FORM ONE MATHEMATICS STUDY NOTES TOPIC 1:NUMBERS

FORM ONE MATHEMATICS STUDY NOTES TOPIC 1:NUMBERS

UNAWEZA JIPATIA NOTES ZETU KWA KUCHANGIA KIASI KIDOGO KABISA:PIGA SIMU:0787237719

FORM ONE MATHEMATICS STUDY NOTES TOPIC 1:NUMBERS

NUMBERS

we know that when we count we start 1,2 …. . But there are other numbers like 0, negative numbers and decimals. All these types of numbers are categorized in different groups like counting numbers, integers,real numbers, whole numbers and rational and irrational numbers according to their properties. all this have been covered in this chapter
Numbers are represented by symbols called numerals. For example, numeral for the number ten is 10. Numeral for the number hundred is 110 and so on.
The symbols which represent numbers are called digits. For example the number 521 has three (3) digits which are 5, 2 and 1. There are only tendigits which are used to represent any number. These digits are 0, 1, 2, 3, 4, 5, 6, 7, 8, and 9.
The Place Value in each Digit in Base Ten Numeration
Identify the place value in each digit in base ten numeration
When we write a number, for example 521, each digit has a different value called place value. The 1 on the right means 1 ones which can be written as 1 × 1, the next number which is 2 means 2 tens which can be written as 2 × 10 and the last number which is 5 means 5 hundreds which can be written as 5 × 100. Therefore the number 521 was found by adding the numbers 5 × 100 + 2 × 10 + 1× 1 = 521.
Note that when writing numbers in words, if there is zero between numbers we use word ‘and’

Example 1
Write the following numbers in words:
1. 7 008
2. 99 827 213
3. 59 000
Solution
1. 7 008 = Seven thousand and eight.
2. 99 827 213 = Ninety nine millions eight hundred twenty seven thousand two hundred thirteen.
3. 59 000 = Fifty nine thousand.
Example 2
Write the numbers bellow in expanded form.
1. 732.
2. 1 205.
Solution
1. 732 = 7 x 100 + 3 x 10 + 2 x 1
2. 1 205 = 1 x 1000 + 2 x 100 + 0 x 10 + 5 x 1
Example 3
Write in numerals for each of the following:
1. 9 x 100 + 8 x 10 + 0 x 1
2. Nine hundred fifty five thousand and five.
Solution
1. 9 x 100 + 8 x 10 + 0 x 1 = 980
2. Nine hundred fifty five thousand and five = 955 005.
Example 4
For each of the following numbers write the place value of the digit in brackets.
1. 89 705 361 (8)
2. 57 341 (7)
Solution
1. 8 is in the place value of ten millions.
2. 7 is in the place value of thousands.
Numbers in Base Ten Numeration
Read numbers in base ten numeration
Base Ten Numeration is a system of writing numbers using ten symbols i.e. 0, 1, 2, 3, 4, 5, 6, 7, 8 and 9. Base Ten Numeration is also called decimal system of Numeration.
Numbers in Base Ten Numeration up to One Billion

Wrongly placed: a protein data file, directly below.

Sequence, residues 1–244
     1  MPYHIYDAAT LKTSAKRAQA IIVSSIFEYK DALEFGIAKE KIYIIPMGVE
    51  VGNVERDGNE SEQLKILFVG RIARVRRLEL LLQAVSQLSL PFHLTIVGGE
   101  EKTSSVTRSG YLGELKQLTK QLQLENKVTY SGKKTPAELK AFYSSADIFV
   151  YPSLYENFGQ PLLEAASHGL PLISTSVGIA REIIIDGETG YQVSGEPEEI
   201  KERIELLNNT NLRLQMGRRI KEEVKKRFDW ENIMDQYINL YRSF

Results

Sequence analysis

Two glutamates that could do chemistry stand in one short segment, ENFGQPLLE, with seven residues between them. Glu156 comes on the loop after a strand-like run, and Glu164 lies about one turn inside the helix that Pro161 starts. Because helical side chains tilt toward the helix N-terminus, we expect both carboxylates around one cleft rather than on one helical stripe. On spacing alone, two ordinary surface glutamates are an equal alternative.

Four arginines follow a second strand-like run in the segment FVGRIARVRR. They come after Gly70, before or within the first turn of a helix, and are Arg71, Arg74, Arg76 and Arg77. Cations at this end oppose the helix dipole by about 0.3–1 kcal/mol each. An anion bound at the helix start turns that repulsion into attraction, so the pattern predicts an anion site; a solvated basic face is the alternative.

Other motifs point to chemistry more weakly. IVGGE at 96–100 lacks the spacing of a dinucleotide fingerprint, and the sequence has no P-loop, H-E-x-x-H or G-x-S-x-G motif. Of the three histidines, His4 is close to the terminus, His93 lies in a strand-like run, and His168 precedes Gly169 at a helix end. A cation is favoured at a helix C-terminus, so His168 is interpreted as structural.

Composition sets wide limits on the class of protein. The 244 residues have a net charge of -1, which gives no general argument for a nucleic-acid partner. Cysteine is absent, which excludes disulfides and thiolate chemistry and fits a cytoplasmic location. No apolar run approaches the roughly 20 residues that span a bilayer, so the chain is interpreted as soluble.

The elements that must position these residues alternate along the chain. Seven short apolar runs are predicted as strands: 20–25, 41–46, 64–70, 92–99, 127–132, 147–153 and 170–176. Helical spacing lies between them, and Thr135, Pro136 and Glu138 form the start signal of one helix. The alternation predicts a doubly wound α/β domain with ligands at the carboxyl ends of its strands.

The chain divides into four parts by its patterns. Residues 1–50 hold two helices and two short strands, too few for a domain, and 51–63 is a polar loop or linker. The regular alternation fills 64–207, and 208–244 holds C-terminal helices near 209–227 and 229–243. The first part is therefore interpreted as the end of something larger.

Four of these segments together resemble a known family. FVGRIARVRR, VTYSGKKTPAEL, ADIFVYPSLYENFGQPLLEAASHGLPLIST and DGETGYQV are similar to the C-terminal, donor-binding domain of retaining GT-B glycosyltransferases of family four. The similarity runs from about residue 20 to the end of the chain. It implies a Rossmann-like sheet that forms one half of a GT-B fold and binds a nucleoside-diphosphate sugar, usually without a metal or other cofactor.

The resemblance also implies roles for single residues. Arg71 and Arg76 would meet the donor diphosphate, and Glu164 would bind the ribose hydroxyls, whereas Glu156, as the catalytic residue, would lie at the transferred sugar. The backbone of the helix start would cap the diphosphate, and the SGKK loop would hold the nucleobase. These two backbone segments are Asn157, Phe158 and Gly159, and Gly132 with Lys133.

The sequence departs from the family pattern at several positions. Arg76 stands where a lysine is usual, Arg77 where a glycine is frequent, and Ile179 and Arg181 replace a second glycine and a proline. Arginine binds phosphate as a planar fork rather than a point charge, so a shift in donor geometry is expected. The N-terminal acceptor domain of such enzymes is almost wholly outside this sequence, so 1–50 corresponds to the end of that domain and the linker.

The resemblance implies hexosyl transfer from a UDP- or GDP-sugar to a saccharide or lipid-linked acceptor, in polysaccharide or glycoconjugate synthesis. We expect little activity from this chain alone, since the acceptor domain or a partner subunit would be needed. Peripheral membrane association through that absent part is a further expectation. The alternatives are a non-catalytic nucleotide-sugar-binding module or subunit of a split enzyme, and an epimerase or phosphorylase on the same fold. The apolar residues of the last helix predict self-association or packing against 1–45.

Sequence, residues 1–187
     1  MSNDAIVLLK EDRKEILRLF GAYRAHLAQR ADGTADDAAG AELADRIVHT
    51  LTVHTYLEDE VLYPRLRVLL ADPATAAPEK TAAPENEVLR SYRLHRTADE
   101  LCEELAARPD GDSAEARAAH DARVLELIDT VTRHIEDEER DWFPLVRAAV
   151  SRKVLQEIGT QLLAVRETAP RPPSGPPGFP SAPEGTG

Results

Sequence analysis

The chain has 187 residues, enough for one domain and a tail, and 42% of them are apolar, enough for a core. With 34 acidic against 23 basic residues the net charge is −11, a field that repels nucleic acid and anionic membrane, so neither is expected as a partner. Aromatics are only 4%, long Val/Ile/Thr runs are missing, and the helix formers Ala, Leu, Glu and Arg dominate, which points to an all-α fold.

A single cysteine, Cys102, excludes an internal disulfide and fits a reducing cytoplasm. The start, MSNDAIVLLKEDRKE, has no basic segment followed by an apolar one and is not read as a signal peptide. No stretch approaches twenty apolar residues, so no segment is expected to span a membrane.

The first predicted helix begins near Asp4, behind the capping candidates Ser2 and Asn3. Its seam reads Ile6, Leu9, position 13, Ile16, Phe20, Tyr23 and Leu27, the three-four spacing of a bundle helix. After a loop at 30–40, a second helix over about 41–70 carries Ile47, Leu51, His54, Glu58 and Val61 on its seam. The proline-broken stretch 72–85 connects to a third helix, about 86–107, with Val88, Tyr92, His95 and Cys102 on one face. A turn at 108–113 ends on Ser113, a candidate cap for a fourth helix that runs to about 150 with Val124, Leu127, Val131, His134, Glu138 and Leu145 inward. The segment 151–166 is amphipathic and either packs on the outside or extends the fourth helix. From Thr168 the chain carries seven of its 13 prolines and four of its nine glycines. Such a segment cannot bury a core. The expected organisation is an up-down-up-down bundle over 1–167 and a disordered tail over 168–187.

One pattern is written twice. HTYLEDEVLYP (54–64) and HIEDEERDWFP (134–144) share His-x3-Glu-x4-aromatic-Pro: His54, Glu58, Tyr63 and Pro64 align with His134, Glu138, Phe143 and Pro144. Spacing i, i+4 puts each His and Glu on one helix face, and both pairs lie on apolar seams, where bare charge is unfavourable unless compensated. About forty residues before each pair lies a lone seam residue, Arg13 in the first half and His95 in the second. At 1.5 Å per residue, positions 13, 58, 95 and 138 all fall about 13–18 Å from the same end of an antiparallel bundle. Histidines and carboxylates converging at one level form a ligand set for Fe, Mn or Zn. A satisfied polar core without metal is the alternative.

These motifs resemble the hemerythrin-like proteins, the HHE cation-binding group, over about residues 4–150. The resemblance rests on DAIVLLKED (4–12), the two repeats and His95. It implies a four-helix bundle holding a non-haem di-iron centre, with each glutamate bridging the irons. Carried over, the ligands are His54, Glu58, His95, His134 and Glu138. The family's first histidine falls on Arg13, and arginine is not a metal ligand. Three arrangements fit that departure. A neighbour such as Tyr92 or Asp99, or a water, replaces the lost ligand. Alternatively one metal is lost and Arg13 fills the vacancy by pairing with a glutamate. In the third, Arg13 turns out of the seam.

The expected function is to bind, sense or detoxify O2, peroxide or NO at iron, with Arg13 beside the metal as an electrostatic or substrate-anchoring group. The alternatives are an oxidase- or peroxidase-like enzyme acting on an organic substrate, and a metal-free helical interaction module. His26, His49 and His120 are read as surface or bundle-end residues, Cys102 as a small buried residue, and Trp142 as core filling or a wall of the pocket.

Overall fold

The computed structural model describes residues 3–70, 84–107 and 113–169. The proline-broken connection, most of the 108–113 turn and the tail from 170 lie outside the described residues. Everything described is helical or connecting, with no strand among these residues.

Write numbers in base ten numeration up to one billion
Consider the table below showing place values of numbers up to one Billion.
 Billions Hundred millions Ten millions Millions Hundred Thousands Ten Thousands Thousands Hundreds Tens Ones 1 1 0 1 0 0 1 0 0 0 1 0 0 0 0 1 0 0 0 0 0 1 0 0 0 0 0 0 1 0 0 0 0 0 0 0 1 0 0 0 0 0 0 0 0 1 0 0 0 0 0 0 0 0 0
If you are given numerals for a number having more than three digits, you have to write it by grouping the digits into groups of three digits from right. For example 7892939 is written as 7 892 939.

When we are writing numbers in words we consider their place values. For example; if we are told to write 725 in words, we first need to know the place value of each digit. Starting from right side 5 is in the place value of ones, 2 is in the place value of tens and seven is in the place value of hundreds. Therefore our numeral will be read as seven hundred twenty five.
Numbers in Daily Life
Apply numbers in daily life
Numbers play an important role in our lives. Almost all the things we do involve numbers and Mathematics. Whether we like it or not, our life revolves in numbers since the day we were born. There are numerous numbers directly or indirectly connected to our lives.
The following are some uses of numbers in our daily life:
1. Calling a member of a family or a friend using mobile phone.
2. Calculating your daily budget for your food, transportation, and other expenses.
3. Cooking, or anything that involves the idea of proportion and percentage.
4. Weighing fruits, vegetables, meat, chicken, and others in market.
5. Using elevators to go places or floors in the building.
6. Looking at the price of discounted items in a shopping mall.
7. Looking for the number of people who liked your post on Facebook.
8. Switching the channels of your favorite TV shows.
9. Telling time you spent on work or school.
Integers
Identify integers
Consider a number line below